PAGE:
Thai generals seek image makeover

Thai generals seek image makeover




By Kate McGeown


BBC News, Bangkok


tanks on the Royal plaza

Thailand’s new rulers want to replace traditional coup images…


Thailand’s new leaders have an image problem.

They want to be seen as their nation’s protectors,
launching last week’s coup because it was the only way forward after
months of political deadlock.

So far most Thai citizens appear to back them,
especially in the capital Bangkok, where former Prime Minister Thaksin
Shinawatra was unpopular.

But the international community is unconvinced, finding
it hard to believe that a military takeover was better than a
democratic system, however flawed that system might have been.

So the new rulers have gone on a charm offensive, hoping to explain why they believe the coup was necessary.

Lieutenant-General Winai Phattiyakul, one of the six
generals now ruling the country, said that if the military had not
intervened, something much worse could have happened.


children pose with a soldier in central Bangkok

… with the appearance of a people-friendly coup

“There would have been clashes between pro-Thaksin and
anti-Thaksin demonstrators,” he told the BBC. “If we let that happen we
don’t know how many lives we would lose.”

The ruling council is also keen to downplay the
significance of last Tuesday’s takeover, referring to it as more of a
“political change” than a coup.

It is so anxious to appear friendly rather than
threatening that the Thai media is full of images of tourists posing
next to tanks, and soldiers receiving flowers from children.

Honeymoon period

According to Thitinan Pongsudhirak, a political science
professor at Chulalongkorn University, the new leaders might be
enjoying a period of national goodwill in the immediate aftermath of
the coup, but this will not last long.

“The generals have to capitalise on this goodwill as
quickly as possible,” he said. “There’s a sense they have to maintain
their momentum.”

The key test – especially in the eyes of the
international community – is whether they stick to their pledge to
draft an interim constitution by the end of this week, and put in place
a new prime minister by early next week.

“A timetable has been set, so now there are milestones
in place, and we will have to see if they stick to them,” said Gothom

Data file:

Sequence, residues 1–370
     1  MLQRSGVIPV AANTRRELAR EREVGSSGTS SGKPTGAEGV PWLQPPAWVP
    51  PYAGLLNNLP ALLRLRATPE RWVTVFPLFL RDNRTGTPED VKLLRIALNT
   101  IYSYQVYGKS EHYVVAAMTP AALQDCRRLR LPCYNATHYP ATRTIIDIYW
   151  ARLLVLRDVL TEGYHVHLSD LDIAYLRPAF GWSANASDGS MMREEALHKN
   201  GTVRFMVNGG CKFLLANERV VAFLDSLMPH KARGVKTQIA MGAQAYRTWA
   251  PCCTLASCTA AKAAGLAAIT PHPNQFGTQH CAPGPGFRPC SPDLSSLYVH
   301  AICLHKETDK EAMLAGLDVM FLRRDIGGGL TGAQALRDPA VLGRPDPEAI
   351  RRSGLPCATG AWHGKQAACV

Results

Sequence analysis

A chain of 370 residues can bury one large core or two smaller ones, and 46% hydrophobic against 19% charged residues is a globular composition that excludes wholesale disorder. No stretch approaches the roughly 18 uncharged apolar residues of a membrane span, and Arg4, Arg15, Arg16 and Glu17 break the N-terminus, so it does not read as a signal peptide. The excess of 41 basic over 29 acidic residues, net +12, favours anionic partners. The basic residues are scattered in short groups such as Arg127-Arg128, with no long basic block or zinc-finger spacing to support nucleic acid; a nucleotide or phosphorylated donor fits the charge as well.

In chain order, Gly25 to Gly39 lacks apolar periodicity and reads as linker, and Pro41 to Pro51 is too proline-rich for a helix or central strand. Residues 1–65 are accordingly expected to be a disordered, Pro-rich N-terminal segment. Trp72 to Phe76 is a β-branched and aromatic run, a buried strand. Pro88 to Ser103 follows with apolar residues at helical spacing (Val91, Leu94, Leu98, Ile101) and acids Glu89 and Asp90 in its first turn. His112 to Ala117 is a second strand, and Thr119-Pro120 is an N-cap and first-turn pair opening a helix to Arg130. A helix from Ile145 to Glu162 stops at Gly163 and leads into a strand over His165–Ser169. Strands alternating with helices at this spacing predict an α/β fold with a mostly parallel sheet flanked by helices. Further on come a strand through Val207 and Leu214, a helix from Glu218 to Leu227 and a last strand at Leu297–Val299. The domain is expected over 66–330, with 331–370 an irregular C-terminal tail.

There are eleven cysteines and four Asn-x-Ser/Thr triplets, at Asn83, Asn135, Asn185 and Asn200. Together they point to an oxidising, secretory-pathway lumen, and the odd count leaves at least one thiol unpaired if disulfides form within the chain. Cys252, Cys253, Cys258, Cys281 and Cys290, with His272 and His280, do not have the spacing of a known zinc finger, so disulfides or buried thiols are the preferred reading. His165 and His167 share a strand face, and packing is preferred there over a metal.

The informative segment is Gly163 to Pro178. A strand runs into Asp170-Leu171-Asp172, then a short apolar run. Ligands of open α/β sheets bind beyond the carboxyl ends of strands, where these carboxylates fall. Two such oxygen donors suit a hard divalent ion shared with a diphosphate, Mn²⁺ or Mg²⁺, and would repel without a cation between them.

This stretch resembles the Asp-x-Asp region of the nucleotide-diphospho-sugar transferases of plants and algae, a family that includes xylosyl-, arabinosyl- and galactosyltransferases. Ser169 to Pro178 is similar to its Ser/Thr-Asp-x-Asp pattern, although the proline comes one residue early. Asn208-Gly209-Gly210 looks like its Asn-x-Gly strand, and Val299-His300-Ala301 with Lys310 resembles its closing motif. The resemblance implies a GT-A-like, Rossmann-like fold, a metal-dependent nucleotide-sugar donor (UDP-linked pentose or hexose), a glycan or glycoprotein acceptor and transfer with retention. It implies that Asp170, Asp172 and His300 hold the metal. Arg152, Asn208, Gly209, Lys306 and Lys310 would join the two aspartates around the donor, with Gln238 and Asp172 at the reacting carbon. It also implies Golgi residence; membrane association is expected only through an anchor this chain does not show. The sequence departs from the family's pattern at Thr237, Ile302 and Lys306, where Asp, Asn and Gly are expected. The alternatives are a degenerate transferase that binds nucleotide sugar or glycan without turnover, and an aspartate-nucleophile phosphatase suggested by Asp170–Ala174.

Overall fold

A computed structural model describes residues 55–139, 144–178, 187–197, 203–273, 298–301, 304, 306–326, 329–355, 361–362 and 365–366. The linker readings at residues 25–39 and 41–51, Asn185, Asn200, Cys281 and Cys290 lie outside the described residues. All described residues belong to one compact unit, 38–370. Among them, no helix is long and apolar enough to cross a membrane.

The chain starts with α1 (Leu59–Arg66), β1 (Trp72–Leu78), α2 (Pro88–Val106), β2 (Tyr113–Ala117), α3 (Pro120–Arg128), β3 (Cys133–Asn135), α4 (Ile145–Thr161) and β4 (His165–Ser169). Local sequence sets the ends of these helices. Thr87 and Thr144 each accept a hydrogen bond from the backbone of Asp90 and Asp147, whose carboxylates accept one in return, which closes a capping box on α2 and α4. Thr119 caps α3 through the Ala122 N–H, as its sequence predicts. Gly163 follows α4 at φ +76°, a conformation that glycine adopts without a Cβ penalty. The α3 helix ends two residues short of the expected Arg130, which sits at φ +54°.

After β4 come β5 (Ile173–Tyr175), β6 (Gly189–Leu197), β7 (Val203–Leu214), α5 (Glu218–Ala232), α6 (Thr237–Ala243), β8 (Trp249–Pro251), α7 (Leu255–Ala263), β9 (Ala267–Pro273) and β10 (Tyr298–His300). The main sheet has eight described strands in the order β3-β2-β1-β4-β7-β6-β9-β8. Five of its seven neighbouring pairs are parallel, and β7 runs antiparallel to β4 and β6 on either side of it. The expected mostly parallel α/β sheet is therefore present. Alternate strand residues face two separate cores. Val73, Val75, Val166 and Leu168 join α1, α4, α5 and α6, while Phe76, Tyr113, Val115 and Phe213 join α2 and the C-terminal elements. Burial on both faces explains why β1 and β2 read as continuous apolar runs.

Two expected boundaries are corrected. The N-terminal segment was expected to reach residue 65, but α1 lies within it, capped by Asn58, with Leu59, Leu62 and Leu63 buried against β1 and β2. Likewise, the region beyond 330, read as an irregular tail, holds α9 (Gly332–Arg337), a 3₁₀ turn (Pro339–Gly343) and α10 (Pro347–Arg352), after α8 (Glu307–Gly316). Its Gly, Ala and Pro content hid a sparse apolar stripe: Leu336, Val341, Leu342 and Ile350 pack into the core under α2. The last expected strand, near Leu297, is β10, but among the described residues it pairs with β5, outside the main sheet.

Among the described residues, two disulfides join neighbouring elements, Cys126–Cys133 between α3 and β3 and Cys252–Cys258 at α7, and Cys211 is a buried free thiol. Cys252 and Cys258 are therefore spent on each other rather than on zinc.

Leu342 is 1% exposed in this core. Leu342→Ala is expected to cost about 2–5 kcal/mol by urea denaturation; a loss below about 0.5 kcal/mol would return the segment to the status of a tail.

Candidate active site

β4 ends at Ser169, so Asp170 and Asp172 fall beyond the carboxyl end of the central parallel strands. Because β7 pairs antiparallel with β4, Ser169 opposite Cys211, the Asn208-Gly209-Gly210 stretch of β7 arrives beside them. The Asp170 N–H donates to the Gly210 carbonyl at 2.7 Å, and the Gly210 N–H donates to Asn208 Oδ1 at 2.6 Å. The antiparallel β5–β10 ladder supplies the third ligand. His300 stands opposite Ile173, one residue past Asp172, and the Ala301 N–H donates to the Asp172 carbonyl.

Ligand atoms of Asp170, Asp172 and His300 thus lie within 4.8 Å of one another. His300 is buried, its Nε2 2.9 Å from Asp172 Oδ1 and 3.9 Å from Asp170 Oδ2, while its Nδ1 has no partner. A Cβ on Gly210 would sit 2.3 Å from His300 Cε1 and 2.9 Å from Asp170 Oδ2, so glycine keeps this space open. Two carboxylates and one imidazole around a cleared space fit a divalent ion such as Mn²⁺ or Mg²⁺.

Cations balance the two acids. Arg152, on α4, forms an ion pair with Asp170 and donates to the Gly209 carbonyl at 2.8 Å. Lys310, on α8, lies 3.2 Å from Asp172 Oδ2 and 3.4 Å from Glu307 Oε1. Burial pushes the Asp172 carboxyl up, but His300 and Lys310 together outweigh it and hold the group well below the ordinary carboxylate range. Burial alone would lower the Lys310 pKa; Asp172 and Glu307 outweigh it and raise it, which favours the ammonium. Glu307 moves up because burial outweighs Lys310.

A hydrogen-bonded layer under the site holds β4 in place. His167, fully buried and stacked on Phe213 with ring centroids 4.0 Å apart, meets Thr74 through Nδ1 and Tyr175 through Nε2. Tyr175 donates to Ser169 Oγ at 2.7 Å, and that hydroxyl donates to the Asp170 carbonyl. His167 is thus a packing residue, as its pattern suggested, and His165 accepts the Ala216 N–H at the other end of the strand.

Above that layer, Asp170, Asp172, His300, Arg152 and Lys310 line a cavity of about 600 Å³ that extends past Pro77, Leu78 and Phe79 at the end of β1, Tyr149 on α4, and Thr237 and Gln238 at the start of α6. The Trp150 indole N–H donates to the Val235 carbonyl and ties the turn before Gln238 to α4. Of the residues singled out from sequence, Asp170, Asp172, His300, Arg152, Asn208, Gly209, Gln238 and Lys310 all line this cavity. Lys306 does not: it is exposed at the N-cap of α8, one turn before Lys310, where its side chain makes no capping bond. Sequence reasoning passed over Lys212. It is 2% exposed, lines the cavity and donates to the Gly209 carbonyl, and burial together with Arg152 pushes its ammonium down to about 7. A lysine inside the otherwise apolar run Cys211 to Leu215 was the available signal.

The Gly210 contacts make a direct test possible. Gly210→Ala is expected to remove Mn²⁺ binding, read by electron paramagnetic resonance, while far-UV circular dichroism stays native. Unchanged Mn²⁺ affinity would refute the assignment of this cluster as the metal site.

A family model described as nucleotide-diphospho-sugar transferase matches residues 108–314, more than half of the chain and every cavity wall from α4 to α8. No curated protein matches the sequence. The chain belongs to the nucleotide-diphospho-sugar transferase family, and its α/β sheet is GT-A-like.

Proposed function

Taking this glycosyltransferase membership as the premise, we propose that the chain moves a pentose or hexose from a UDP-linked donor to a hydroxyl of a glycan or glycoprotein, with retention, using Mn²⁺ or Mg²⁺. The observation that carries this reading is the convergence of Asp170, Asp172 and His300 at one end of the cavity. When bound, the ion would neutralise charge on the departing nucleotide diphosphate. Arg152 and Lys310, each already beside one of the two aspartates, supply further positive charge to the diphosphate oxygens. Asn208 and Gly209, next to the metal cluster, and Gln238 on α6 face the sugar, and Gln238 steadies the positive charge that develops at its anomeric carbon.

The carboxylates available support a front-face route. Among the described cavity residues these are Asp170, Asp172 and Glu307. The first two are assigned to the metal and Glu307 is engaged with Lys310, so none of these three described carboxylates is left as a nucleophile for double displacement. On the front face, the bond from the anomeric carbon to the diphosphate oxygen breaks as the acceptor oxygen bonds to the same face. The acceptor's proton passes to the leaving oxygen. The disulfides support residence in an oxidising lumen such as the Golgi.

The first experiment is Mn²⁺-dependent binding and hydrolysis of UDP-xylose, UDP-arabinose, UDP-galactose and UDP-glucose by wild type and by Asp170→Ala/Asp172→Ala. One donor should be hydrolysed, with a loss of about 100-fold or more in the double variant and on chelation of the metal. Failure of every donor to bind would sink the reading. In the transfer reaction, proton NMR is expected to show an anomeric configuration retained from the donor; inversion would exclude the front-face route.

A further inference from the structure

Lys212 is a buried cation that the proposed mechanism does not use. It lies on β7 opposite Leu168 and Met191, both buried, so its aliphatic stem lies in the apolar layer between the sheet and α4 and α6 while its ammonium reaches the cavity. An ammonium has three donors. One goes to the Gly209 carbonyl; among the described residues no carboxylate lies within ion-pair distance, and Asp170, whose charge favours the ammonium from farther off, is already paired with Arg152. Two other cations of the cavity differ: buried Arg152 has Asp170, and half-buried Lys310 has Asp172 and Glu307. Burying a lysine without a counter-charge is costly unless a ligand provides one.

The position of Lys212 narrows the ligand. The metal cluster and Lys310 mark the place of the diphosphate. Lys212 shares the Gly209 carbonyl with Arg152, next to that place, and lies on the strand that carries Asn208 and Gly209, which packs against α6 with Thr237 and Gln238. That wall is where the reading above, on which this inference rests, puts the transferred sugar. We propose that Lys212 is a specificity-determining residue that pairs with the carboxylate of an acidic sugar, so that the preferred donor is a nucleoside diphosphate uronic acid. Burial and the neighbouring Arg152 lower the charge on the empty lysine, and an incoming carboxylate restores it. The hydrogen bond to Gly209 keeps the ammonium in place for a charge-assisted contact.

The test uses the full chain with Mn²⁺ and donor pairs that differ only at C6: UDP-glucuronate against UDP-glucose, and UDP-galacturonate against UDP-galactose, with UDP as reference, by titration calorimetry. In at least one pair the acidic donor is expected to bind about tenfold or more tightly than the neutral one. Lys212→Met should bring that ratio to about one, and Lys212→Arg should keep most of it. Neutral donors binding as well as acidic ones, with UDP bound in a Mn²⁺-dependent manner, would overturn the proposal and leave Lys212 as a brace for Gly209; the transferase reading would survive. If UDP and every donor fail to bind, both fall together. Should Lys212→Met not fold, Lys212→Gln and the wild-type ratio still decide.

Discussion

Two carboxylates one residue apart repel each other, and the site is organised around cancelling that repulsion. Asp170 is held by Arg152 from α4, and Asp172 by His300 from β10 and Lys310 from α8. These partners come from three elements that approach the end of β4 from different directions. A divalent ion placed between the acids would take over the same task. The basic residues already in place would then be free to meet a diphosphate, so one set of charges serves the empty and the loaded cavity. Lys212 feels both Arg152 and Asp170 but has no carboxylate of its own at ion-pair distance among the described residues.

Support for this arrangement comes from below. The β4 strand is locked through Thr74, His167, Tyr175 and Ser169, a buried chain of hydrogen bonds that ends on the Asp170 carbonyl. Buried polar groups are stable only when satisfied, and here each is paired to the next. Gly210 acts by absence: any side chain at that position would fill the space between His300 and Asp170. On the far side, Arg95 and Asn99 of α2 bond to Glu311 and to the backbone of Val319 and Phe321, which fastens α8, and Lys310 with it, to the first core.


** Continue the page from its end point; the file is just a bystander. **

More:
Arya, the director of Mahidol University’s research centre on
peace-building.



The military’s image will suffer a lot if they put a puppet government in place
Prof Thitinan Pongsudhirak

But even if they do meet the timetable, many analysts are concerned about the extent of influence the military will retain.

“The military’s image will suffer a lot if they put a puppet government in place,” said Prof Thitinan.

The new ruling council is keen to dispel this fear, and
has recently appointed dozens of prominent citizens as its advisers,
Gothom Arya among them.

But such was the rush to bring these people on board
that many were not officially told about their appointments before the
news was made public.

“I learnt about it in a radio announcement,” said Gothom Arya.

Civil liberty v public order

Another issue which the ruling generals have to address
urgently, in order to retain the public’s support, is the charge of
corruption levelled against the old regime.

This allegation, centring on ousted Prime Minister
Thaksin Shinawatra and his close associates, was one of the military’s
justifications for launching the coup.

“They need to take Thaksin to task on the corruption
allegations very quickly,” said Prof Thitinan, “but it’s difficult
because they also need to have a proper legal process.”

Perhaps the most immediate problem the generals face, though, is how to keep order without alienating people.


Protester outside Siam Paragon shopping mall on Friday

No action was taken against the first anti-coup protesters

Despite anger from human rights groups, they have
imposed restrictions on public gatherings and political meetings. They
have also clamped down on press freedom, with soldiers continuing to
patrol several television stations.

“The restrictions on people’s liberty and some reports in the media are just for a short space of time,” Lt Gen Winai insisted.

But already the seeds of dissent are beginning to grow.

Last Friday a small group of demonstrators became the
first to publicly protest against the coup, and while the government
turned a blind eye, such protests are likely to increase the longer the
restrictions remain in place.

According to Prof Thitinan, the nightmare for the
military council is if the people who protested against Mr Thaksin
earlier this year joined forces with pro-Thaksin supporters, in order
to rally against the coup.

“The military is just not well-equipped to deal with such peaceful protests,” he said.

Thailand’s military rulers have many challenges ahead.
It is one thing to successfully wrest power from a flawed regime, but
it is quite another to prove worthy of taking it.

“They’ve said they have noble intentions,” said Gothom
Arya, “but it’s far too early to take them at their word. You can only
judge them by what they do.”



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